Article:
My own experience is that a company should develop a perspective that encompasses a mission, vision, values, direction, strategy, tactics, and stakeholder commitments that are easy for everyone to grasp, are mutually supportive and consistent, are very motivating internally and externally, are easy to understand and explain, and create competitive advantages. I agree that most companies are beset with the communications stall, which is what this book addresses well.
After you finish this book, I suggest you think about where you have a muddled understanding of what others are thinking, or they may be muddled about understanding your thinking. Then, decide how you can reduce those miscommunications in simple, effective ways.
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5.0 out of 5 stars High impact read, Dec 14 2000
By 
Mark Hammitt (Burlingame, CA USA) - See all my reviews
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This review is from: The Four Obsessions of an Extraordinary Executive: A Leadership Fable (Hardcover)
This book is a very quick read that still manages to hit you between the eyes with a one-two punch of horror (oh my gosh, we do that all the time!) and hope. I don't know how he does it, but Mr. Lencioni has a knack for storytelling that makes it look he's been bugging your hallways, staff meetings and off-sites.
The good news is that he articulates a straight forward (and not touchy-feely) prescription for a better-functioning organization. Like other great business books, the points seem obvious only in retrospect... few companies, I submit, actually engage in these key practices and waste a lot of time because of their failure to do so.
The day after reading it, I went through it again, writing a (long) list of actions that we're now taking in order to become a healthy -- as opposed to merely smart -- organization. If we had adopted it earlier, I think we would have blown away our goals, improved our retention, and kept everyone a lot happier.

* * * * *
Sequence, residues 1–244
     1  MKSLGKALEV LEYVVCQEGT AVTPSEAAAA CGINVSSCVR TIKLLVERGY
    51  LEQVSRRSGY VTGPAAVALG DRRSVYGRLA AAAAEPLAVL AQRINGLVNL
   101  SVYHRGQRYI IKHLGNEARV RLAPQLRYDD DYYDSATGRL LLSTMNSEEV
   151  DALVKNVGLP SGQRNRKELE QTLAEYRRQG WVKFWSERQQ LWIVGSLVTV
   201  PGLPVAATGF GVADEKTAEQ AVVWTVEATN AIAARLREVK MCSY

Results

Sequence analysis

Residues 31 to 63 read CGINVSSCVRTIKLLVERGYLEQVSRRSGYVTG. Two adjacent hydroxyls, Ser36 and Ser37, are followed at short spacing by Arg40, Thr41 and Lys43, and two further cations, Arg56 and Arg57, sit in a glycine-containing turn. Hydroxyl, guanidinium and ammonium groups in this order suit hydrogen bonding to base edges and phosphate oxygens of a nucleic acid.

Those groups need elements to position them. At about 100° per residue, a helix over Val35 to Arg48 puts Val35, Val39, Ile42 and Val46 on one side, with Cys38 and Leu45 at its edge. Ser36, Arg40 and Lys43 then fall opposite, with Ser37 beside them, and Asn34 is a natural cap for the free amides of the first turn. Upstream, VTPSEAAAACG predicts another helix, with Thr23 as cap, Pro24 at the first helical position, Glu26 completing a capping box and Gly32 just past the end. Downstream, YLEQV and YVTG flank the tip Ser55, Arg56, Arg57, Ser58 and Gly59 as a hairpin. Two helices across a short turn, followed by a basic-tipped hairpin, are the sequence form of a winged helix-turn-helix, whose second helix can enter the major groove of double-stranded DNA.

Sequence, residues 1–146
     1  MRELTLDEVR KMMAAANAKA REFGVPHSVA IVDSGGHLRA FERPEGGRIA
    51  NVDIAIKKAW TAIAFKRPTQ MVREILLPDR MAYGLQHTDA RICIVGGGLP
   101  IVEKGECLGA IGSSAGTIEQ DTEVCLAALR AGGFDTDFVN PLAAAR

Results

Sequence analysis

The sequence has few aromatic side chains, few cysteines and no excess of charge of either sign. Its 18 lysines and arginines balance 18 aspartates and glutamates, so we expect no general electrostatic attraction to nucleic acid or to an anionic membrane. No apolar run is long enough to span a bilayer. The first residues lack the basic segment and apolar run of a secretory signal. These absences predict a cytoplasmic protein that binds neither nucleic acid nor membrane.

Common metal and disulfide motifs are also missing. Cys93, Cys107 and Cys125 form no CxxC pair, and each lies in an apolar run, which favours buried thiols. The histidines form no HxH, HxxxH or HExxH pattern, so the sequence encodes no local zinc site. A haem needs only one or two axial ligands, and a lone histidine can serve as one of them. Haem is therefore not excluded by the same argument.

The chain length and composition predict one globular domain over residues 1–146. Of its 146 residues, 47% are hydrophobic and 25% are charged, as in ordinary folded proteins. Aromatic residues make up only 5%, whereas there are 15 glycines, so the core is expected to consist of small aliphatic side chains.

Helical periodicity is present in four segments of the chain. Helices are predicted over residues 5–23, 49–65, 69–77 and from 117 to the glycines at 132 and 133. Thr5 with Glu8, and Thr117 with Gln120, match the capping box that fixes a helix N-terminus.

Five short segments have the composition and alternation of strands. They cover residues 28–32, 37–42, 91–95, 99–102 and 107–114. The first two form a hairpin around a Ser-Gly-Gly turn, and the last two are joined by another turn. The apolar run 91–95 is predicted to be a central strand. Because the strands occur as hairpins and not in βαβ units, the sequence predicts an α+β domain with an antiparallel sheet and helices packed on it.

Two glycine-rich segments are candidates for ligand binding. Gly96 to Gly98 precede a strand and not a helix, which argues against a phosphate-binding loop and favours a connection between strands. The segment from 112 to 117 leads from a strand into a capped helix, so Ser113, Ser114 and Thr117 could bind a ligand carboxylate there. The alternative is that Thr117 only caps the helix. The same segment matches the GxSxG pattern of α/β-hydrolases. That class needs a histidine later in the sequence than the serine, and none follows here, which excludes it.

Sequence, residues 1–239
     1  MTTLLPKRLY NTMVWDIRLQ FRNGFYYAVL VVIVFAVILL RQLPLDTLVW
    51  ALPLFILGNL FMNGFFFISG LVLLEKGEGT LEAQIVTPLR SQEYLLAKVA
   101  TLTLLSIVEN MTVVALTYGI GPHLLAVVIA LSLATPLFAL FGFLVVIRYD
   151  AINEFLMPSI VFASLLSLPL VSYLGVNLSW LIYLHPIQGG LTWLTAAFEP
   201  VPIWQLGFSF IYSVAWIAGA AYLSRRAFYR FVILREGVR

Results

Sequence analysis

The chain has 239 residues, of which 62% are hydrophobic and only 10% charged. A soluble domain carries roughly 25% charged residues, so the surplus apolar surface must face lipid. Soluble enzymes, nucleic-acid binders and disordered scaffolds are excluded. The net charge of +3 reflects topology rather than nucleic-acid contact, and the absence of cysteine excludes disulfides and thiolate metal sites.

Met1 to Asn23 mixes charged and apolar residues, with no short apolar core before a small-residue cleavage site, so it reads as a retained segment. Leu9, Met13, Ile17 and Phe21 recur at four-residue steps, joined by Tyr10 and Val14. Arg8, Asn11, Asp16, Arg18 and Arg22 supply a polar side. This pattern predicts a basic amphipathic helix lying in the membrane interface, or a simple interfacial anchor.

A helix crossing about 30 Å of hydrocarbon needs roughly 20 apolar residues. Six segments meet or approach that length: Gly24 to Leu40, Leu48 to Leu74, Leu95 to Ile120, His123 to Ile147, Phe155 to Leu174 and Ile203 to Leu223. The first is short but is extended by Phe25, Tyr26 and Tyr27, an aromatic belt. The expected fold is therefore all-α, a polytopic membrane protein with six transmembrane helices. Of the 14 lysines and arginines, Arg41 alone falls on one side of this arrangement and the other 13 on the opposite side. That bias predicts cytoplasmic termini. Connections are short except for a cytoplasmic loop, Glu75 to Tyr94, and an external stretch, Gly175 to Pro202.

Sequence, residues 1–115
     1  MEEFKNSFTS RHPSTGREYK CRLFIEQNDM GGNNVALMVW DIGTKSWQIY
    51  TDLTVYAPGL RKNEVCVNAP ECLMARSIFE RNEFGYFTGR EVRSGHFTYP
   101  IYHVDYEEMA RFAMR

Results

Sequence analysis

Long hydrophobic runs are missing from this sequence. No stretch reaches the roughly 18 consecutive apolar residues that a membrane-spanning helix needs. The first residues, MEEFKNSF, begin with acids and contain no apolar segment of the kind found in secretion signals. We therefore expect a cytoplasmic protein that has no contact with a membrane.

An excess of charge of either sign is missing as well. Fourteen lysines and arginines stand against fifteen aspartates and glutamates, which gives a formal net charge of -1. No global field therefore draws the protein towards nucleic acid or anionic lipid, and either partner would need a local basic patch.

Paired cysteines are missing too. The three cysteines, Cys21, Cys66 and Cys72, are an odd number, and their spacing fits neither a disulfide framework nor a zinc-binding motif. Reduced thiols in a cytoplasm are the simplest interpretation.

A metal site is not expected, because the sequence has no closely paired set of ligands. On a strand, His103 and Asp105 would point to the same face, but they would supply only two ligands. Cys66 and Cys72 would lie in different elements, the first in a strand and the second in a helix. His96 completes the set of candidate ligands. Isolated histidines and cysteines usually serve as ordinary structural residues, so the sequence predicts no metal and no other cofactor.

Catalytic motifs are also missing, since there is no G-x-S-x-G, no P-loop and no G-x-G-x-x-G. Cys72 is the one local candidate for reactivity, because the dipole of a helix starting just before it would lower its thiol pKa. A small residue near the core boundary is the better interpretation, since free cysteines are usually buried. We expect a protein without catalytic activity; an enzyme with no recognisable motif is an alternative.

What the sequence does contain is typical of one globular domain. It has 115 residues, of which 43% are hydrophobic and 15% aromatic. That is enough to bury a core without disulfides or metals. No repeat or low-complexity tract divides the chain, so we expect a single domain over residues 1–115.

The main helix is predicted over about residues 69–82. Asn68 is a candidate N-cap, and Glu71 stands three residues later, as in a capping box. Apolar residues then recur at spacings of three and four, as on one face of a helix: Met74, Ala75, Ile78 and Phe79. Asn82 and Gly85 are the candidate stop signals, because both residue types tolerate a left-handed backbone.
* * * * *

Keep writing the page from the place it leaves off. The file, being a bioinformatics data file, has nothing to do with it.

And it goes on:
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5.0 out of 5 stars The Four Obsessions of an Extraordinary Executive, July 30 2002
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This review is from: The Four Obsessions of an Extraordinary Executive: A Leadership Fable (Hardcover)
An extremely interesting fable narrating the success techniqes adopted by an extraordinary executive. A 'must read' for all open-minded company chiefs who aspire to take their team and their company to greater heights using simple but effective management principles.
The author definitely excels in the art of story telling which makes the book readable and leaves the reader with plenty of food for thought. The central character in the book, Rich O'Connor, lists his four mantras on a piece of yellow paper taped to his desk such that he is constantly reminded about observing them strictly all the time. It is these four obsessions that confirm his strong sense of commitment to his company -The Telegraph making it a cut above the competition.The message driven home is rather than being obsessed with what your competitor is doing, concentrate on what you have to do to reach and retain the Number 1 slot in your industry.
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The Four Obsessions of an Extraordinary Executive: A Leadership Fable
The Four Obsessions of an Extraordinary Executive: A Leadership Fable by Patrick M. Lencioni (Hardcover - Aug. 24 2000)